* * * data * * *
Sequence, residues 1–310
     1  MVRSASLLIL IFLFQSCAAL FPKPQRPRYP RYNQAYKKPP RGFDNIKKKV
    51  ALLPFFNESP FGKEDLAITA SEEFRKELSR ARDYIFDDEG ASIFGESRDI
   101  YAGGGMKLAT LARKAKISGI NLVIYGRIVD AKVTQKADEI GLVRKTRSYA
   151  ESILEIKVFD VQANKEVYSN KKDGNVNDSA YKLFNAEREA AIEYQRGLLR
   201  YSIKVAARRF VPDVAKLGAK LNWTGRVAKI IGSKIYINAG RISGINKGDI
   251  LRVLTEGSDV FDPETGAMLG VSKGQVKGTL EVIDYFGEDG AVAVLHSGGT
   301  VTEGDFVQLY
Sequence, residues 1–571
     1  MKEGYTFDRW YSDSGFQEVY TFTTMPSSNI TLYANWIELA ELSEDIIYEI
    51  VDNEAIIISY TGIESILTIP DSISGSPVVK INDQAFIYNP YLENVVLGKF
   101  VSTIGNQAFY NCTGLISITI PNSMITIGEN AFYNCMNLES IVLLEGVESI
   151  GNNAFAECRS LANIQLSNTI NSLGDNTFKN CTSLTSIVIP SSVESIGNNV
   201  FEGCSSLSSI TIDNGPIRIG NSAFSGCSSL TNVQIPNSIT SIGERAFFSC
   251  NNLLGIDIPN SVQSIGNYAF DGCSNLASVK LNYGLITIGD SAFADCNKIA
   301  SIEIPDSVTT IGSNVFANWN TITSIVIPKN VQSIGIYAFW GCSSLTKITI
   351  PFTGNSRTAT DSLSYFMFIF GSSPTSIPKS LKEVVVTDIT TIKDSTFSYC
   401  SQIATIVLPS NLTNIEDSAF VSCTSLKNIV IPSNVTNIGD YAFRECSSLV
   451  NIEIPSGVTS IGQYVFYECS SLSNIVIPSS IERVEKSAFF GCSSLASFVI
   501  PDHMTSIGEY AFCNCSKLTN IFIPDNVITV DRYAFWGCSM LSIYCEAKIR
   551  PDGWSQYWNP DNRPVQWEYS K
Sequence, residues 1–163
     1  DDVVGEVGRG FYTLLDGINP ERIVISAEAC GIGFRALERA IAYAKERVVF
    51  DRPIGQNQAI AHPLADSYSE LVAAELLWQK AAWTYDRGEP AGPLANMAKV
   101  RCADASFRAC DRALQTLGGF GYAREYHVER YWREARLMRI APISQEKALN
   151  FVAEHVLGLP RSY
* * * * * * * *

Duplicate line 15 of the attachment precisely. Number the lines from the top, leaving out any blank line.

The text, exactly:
   251  NNLLGIDIPN SVQSIGNYAF DGCSNLASVK LNYGLITIGD SAFADCNKIA